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Empires of the Silk Road, by Christopher I. Beckwith

parallels between oceans of grass and oceans of water

James McCormick, at Chicago Boyz, posted a note on a book that he thinks may be valuable to ambitious NCOs, military officers, world history buffs, and prognosticators of the American future.

Empires of the Silk Road: A History of Central Eurasia from the Bronze Age to the Present is a grand summary of the culture of the steppes, from the time of the domestication of the horse and the appearance of lactose-tolerant humans (see 10,000 Year Explosion), to the 21st century suppression of the Chechens, Tibetans, and Uighurs.

A fascinating source book on the ebb and flow of culture across the 'ocean of grass' and the firm focus these cultures had on trading with the great empires on their periphery. Trade with us ... or die. Most of these cultures, and the direct influence they had on world history, has been largely unknown except to a handful of scholars. In Empires, the author brings all this background information together in one place, draws on the most modern scholarship in linguistics, history, and archaeology, and provides a ground-breaking introduction to the general public.

The striking parallels with the European nations that built empires based on liquid oceans becomes clear only by the end of the book ... as is the tentative nature of Russia and China's hold on the vast interior steppe (triggered by the introduction of firearms, and only solidified in the final massacres of the Junghars by Qing China in the mid-18th century). Anyone with an interest in Russia, the Middle East, or China will learn a great deal about the role of the Central Asian Culture complex on these areas in the last 4,000 years.

Nowadays, military folk posted to the 'Stans or places like Mongolia will find this book invaluable ... firstly as a brisk introduction to the cultural roots of the place, and secondly as a reference book to read and re-read in future years to grasp 'the big picture."

If you have friends or family that are ambitious for learning about the continent (let alone the region), start them off at the beginning. Anyone senior to Captain should buy this book simply to have it ready when needed. Because it will be needed. You can't understand the Chinese and Russians without understanding the 'enemy' they faced for centuries and the echoes that continue in their territorial obsessions. Highly, highly recommended.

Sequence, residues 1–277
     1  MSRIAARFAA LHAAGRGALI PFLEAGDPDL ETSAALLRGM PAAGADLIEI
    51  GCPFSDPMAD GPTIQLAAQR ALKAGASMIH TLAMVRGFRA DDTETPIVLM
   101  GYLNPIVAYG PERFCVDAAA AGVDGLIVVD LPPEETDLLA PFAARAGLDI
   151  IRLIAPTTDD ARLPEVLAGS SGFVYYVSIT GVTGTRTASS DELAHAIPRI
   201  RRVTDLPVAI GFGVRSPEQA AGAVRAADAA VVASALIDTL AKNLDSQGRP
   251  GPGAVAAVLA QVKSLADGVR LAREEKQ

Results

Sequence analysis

A comment from James Bennett, author of The Anglosphere Challenge:

The Steppes book is important for understanding the important episode of Anglosphere history that is the 19th and 20th Century Conquest of the Plains. It was the addition of such a huge area of grain and meat production (and the big populations it created) to the formal and informal Anglosphere (the latter including the Pampas) that made such a difference in the World Wars. Imagine a WWI alignment fought in 1850. Even the initial steps of conquest of the central midwest made a big difference in the American Civil War.

The problem of extending urbanized agricultural civilization onto grassy plains inhabited by warlike horse nomads was one that was not solved for thousands of years, and it wasn't until industrially-supported settlement and warfare came that the problem was solved and those resources made available to civilization. And it was we, pretty much, who solved it.

And of course the geopolitical writings of the Germans during this period were dripping with envy at what we had got, and resentment that they had not got it. Getting their hands on the Eurasian steppe was what German geopolitical aims up to 1945 were all about.

The Chicago Boyz blog is an excellent source of ideas and leads pertinent to the interests of the Explorers Foundation.
December 2, 2009

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